The Fifth Sunday of Lent is known as “Passion Sunday” and it marks the starting of a special sub-season called Passiontide, which stretches up until Holy Saturday.
During this time the liturgy of the Church becomes more somber and a sorrowful mood is always reflected in the various practices that occurs in the liturgy.
The most obvious example of a more somber mood is always the veiling of statues and images, which still remain an optional practice in the current Roman Missal: “In the Dioceses of the United States, the practice of covering crosses and images throughout the whole church from the fifth Sunday of Lent may be observed.
Crosses would remain covered until the end of the Celebration of the Lord’s Passion on Good Friday, but images would remain covered until the beginning of the Easter Vigil.”
Initially, it was also on the Friday of this Passion Week that the feast of the Seven Sorrows of the Blessed Virgin Mary was celebrated though, it is now fixed annually on September 15.
However, the current Roman Missal still provides an alternative prayer for that day which is the Friday in the Fifth Week of Lent, remembering Mary’s own bitter passion.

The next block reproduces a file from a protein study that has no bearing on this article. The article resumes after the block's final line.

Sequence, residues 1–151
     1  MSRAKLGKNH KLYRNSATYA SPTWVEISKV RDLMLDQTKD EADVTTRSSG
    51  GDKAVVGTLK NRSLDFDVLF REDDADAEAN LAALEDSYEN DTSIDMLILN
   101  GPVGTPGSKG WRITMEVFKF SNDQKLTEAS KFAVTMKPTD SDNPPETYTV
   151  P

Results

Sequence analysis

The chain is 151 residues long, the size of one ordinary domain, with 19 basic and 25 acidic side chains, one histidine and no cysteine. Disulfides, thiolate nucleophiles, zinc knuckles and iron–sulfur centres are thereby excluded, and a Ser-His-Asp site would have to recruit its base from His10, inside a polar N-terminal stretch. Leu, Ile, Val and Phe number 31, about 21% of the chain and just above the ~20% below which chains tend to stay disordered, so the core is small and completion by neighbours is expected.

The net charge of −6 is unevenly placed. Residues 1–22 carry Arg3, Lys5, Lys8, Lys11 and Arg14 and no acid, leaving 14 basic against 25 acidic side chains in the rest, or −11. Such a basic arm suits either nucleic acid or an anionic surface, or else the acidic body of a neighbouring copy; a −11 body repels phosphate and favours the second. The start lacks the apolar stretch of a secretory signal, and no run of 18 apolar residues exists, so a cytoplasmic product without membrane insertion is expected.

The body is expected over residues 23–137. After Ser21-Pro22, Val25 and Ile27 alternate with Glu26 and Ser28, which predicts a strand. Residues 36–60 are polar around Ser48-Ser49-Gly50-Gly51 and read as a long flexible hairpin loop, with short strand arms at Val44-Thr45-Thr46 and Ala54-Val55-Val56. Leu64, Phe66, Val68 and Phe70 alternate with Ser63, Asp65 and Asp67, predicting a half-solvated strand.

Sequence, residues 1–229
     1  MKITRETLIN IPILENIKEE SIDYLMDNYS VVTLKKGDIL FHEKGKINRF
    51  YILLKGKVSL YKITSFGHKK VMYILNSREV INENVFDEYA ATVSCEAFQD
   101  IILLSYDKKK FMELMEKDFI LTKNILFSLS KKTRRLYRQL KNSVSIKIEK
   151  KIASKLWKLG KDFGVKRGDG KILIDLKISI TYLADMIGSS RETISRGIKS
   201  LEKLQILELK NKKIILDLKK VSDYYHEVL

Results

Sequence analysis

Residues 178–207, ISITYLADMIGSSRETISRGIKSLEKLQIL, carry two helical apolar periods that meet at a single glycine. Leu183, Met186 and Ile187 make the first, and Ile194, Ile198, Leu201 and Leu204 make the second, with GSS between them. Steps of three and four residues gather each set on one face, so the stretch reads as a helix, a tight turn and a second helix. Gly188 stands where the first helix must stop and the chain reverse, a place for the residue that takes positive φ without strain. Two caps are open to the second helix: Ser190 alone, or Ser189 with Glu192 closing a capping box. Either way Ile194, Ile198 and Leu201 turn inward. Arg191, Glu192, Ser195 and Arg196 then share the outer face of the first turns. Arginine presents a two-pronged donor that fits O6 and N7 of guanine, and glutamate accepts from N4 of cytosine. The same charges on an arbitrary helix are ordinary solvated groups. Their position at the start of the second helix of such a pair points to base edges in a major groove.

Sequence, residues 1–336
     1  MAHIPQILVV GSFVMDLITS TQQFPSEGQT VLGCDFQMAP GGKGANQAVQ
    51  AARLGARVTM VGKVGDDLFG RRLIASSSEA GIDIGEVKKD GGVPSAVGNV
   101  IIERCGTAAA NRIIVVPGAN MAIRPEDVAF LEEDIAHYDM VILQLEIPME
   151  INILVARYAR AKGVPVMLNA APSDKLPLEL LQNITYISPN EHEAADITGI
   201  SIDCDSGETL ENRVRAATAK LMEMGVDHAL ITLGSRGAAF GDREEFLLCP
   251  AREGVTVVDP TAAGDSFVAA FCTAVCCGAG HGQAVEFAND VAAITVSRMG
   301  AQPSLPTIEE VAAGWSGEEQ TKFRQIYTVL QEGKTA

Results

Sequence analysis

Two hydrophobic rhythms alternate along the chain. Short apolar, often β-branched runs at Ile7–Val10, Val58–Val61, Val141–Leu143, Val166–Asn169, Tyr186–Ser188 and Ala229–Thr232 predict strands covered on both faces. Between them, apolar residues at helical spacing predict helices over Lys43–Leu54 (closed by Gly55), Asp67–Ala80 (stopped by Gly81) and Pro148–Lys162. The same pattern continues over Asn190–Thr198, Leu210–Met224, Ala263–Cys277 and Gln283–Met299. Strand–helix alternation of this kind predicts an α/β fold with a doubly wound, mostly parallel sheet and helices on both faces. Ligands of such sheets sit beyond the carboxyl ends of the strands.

“O God, who in this season
give your Church the grace
to imitate devoutly the Blessed Virgin Mary
in contemplating the Passion of Christ,
grant, we pray, through her intercession,
that we may cling more firmly each day
to your Only Begotten Son
and come at last to the fullness of his grace”.
Palm Sunday is the Second Sunday in Passiontide, and is currently listed in the liturgical calendar as “Palm Sunday of the Lord’s Passion.”
The Passion narrative is read on this day, and it is the longest Sunday Gospel reading of the entire year. The Church calls us on Palm Sunday to look toward the cross and see the immense love Christ for us, sacrificing himself for our sins.
Therefore it is a preview of what is to come on Good Friday.
After Palm Sunday, Passion Week creates a way for Holy Week and the Church follows Jesus during his final days in Jerusalem. The Passion narrative was traditionally said during Mass on each day of Holy Week starting from Holy Thursday.
The Wednesday of the Holy week is known as “Spy Wednesday” and it signifies the day on which Judas betrayed Jesus and informed the Sanhedrin of his plan.
Passiontide is supposed to be a special penitential period where we focus on the bitter passion of Jesus and foster within ourselves sorrow for our sins.
The good news is that Passiontide does not have the last say, but it brings this somber period of preparation to an end so that our hearts can rejoice in the beauty of the resurrection of Christ.